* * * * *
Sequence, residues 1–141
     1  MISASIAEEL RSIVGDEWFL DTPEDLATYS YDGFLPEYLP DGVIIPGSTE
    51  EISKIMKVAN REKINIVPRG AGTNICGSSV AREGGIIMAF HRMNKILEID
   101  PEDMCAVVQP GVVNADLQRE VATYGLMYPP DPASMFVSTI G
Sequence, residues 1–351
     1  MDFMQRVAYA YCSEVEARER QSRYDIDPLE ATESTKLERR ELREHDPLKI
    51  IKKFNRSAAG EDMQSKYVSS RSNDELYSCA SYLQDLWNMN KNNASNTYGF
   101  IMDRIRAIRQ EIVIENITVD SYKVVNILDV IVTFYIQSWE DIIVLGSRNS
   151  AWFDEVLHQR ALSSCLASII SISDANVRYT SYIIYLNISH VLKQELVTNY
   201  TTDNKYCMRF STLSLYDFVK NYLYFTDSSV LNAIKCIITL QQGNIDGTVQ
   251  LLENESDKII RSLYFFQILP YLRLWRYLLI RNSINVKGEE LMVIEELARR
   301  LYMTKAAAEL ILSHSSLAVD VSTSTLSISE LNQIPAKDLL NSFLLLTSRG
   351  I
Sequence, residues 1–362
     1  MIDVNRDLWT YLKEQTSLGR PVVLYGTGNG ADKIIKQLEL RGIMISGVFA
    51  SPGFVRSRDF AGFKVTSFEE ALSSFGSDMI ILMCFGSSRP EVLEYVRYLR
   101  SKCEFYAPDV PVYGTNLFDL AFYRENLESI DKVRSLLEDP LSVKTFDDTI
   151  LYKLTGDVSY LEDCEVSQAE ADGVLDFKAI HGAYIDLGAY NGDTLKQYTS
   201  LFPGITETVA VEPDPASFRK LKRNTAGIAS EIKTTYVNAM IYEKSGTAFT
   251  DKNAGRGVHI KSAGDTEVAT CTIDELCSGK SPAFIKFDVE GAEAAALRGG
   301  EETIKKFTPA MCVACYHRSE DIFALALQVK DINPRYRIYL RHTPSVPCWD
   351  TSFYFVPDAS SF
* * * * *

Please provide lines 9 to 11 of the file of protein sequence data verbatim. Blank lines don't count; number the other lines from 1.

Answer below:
   151  AWFDEVLHQR ALSSCLASII SISDANVRYT SYIIYLNISH VLKQELVTNY
   201  TTDNKYCMRF STLSLYDFVK NYLYFTDSSV LNAIKCIITL QQGNIDGTVQ
   251  LLENESDKII RSLYFFQILP YLRLWRYLLI RNSINVKGEE LMVIEELARR